Subscribe to our free, weekly email newsletter!



The supply chain held hostage

By Patrick Burnson, Executive Editor
January 31, 2011

Irrespective of political concerns or positions, the current upheaval in Egypt must not result in the closing of the Suez Canal.

With anarchists planning a “million man march” in Cairo tomorrow, along with a nationwide strike, transport analysts are rightly concerned about a profound disruption in the global supply chain.

This vital economic link and resource is operated by what is left of the Egyptian government. It’s closure, if even temporary, could send oil prices soaring. Never mind what this will mean to container traffic.

So far, the Organization of Petroleum Exporting Countries (OPEC) has yet to determine if an emergency meeting is necessary this week, but by all observation, they should not wait long.

Meanwhile, the Suez Canal Authority is reporting “normal” container vessel traffic today, with approximately 50 ships deployed through this vital artery linking the Red Sea to the Med.

With tensions in the region growing and “anti-West” sentiment taking hold, our greatest fear now is that attacks may actually be made on shipping companies and on the Canal Authority itself.

About the Author

image
Patrick Burnson
Executive Editor

Patrick Burnson is executive editor for Logistics Management and Supply Chain Management Review magazines and web sites. Patrick is a widely-published writer and editor who has spent most of his career covering international trade, global logistics, and supply chain management. He lives and works in San Francisco, providing readers with a Pacific Rim perspective on industry trends and forecasts. You can reach him directly at .(JavaScript must be enabled to view this email address).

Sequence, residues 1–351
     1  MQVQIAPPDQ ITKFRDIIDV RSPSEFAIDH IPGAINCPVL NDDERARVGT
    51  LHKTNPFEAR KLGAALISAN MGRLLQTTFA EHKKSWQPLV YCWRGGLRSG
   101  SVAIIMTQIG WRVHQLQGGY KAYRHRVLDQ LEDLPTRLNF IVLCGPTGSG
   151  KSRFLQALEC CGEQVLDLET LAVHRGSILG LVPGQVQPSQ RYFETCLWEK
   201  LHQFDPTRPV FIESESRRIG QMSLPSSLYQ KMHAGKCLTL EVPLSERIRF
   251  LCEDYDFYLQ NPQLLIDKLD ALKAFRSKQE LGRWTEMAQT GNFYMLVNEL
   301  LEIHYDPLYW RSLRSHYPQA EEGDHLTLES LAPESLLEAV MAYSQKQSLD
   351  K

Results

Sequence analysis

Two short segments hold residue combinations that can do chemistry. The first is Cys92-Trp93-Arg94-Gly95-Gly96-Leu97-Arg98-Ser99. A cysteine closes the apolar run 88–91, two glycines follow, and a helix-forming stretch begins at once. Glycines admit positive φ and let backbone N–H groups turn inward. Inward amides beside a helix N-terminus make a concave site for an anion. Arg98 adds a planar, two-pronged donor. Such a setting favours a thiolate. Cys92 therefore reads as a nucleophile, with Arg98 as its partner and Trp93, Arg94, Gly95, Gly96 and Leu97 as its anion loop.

Subscribe to Logistics Management magazine

Subscribe today. It's FREE!
Get timely insider information that you can use to better manage your
entire logistics operation.
Start your FREE subscription today!

Recent Entries

The saga continues, as the PMA and ILWU plan to resume their contract negotiations on Monday, August 4, in San Francisco

Carload volumes were up 7.6 percent at 299,256, topping the week ending January 12 at 290,607 and the week ending July 5 at 270,731.

U.S. companies made only marginal improvements in their ability to collect from customers and pay suppliers in 2013, while showing no improvement in how well they managed inventory, according to the 16th annual working capital survey from REL a division of the Hackett Group, Inc.

Study suggests solutions for filling the talent gap, including the development of robust ties with the education system.

The Department of Transportation’s Bureau of Transportation Statistics (BTS) reported this week that U.S. trade with its North America Free Trade Agreement (NAFTA) partners Canada and Mexico increased 5.4 percent from May 2013 to May 2014 at $103.9 billion.

Comments

Post a comment
Commenting is not available in this channel entry.


© Copyright 2013 Peerless Media LLC, a division of EH Publishing, Inc • 111 Speen Street, Ste 200, Framingham, MA 01701 USA